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 Richmans' Trade and Taxes Blog



Did Trump Cause the Improved GDP Growth -- Ray and I were published in the American Thinker this morning
Howard Richman, 8/31/2017

Here's the link:

http://www.americanthinker.com/blog/2017/08/did_trump_cause_the_improved_gdp_growth.html

We wrote:

Did Trump Cause the Improved GDP Growth?

By Howard Richman and Raymond Richman

Real GDP rose by 3.0% during the second quarter of 2017, the fastest quarterly rate in over two years, according to data released on Wednesday by the Commerce Department. Did President Trump cause the accelerating economic growth?

The answer is yes. The rapid growth was led by a surge in business fixed investment (purchases by businesses of new tools and structures). If not for that surge, Real GDP would have only grown by 2.2%. The following table shows the contributions of the different types of spending upon economic growth during the second quarter:

Consumption 2.28%
Investment  
     Business Fixed Investment      0.84%
     Residential Fixed Investment      -0.24%
     Change in Inventories      0.01%
Net Exports 0.21%
Government Spending -0.05%
------------------------------------------------------
Total 3.00%

...

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Comments: 1


How the Democrats and Anti-Trump Republicans Seem Bent on Creating a Fascist USA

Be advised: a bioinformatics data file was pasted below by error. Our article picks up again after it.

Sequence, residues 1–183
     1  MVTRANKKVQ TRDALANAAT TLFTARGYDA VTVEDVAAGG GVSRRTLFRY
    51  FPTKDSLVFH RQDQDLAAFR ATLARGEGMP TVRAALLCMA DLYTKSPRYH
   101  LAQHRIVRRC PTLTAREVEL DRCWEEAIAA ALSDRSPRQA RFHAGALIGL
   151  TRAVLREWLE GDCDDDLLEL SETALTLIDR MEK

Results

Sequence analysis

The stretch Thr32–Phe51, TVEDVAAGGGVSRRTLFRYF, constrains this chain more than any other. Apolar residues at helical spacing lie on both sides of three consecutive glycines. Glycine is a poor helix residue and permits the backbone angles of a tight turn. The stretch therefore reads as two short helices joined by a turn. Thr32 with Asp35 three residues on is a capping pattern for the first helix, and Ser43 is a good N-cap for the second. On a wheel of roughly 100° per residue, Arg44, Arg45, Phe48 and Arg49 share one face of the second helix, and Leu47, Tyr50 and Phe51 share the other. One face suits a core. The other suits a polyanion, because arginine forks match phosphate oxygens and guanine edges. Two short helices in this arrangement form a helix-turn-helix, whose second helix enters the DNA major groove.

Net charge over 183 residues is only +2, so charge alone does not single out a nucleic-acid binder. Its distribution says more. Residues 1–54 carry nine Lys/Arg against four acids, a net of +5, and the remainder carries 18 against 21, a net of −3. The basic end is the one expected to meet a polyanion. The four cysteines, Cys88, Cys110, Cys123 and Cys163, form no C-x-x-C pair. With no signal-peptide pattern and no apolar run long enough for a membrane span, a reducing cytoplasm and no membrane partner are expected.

Raymond Richman, 8/27/2017
Few people realize it but Pres. F. D. Roosevelt, citing the depression as an excuse, embarked on policies that began the making of the USA into a fascist country. The Nazi Party in Germany and Mussolini’s Fascists recognized the New Deal as resembling the politics of Nazism and Fascism, with a central government increasingly involved in managing the economy. What distinguishes the U.S. from fascism was and is the absence of an autocrat. The people still have the final say as the election of Donald Trump shows. But the opposition and the media refuse to concede his victory. There are too many alligators in the swamp. Authoritarianism and fascism are not the same. Fascist dictators are authoritarians but not all dictators are fascists. To be a fascist is to be both authoritarian and socialist. General Pinochet, a dictator, was anti-socialist and restored the free market in Chile. Hitler called his party Nazi, national socialist, which is the best short definition of fascism. Merriam-Webster’s Collegiate Dictionary (10th Edition) defines fascism more accurately as a regime “that stands for a centralized autocratic government headed by a dictatorial leader, severe economic and social regimentation, and forcible suppression of opposition”. ...